There’s a study from S&P that Inequality Is Damaging the U.S. Economy. Of course, there are no specifics of how exactly rising income inequality is bad for the economy, but but since economics has mostly devolved into a leftist social science that has become indistinguishable from sociology, to have actual numbers and empirical evidence would be too much to ask. So the best the left can offer are hunches that rising income inequality could be bad for the economy based prepositions that seem logically sound on the surface, but upon closer inspection are wrong. For example in an earlier post Revisiting Correct Predictions:
Many succumb to the Marxist fallacy that with increasing inequality and falling real wages, no one will be able to buy the stuff and capitalism will eat itself. Looking at the data there is no evidence the consumer’s propensity to spend has been hurt by inequality. Secondly, we can offer an argument based on empirical evidence that capitalism won’t cannibalize itself the future, too. The Marxist critique implies wealth is a finite resource like gold and once the 1% obtain it all there’s nothing left. This is wrong because wealth is constantly being created; for example, in the span of 15 years Facebook, Twitter, and Google sprung into existence creating half a trillion in wealth. It assumes that there is a fixed number of consumers with static purchasing power. This is contradicted by rising nominal wages the booming middle class overseas and the Pareto Principle that top 20% of income earners engage in 80% of the consumption. Because the highest of income earners have seen the most rapid and greatest increases in wealth, it means consumer spending can keep rising even if everyone else’s income is flat, in agreement with the economic data. That’s why we need policy that creates wealth and encourages consumption, instead of wealth spreading and class warfare.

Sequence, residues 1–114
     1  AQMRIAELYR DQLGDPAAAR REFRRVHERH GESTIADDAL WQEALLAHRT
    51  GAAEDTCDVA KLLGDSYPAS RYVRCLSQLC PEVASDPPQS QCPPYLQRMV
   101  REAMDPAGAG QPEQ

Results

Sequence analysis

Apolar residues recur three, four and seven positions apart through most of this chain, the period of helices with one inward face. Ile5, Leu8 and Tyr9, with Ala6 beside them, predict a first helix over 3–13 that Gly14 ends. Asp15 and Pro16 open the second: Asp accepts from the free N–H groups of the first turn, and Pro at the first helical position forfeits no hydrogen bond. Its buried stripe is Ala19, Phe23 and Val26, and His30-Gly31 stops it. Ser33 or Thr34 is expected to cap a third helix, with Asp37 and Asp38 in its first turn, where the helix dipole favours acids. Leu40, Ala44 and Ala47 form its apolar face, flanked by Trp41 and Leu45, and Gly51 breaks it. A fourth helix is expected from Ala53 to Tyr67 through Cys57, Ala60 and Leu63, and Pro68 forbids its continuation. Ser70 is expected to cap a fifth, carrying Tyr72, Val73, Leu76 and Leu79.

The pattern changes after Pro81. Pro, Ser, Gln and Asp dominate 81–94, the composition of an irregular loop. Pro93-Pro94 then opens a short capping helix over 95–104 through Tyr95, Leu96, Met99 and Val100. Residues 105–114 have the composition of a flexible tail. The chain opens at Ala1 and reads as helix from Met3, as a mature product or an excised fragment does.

We’re written extensively about how wealth inequality is not a big deal, including discussion of the Pareto Principle that debunks how rising income inequality will hurt consumption, as well as how raising wages is a losing proposition from a game theory perspective.
In summary, wealth inequality is an inevitable byproduct of the economic value rich people create. In a free market , resources will go where they are most economically useful, without some bureaucrat or leftist trying to spread the worth under a mistaken, detrimental effort of trying to stimulate the economy that will only backfire.
In order to hurt the rich, the left wanted America to default and the debt downgrade. Now again with the help of S&P, they are spreading lies about wealth inequality being bad for the economy. As a boycott, I recommend selling any S&P index-based financial instruments you have and replacing them with something more patriotic. S&P only has this influence because we’re complicit in giving it to them.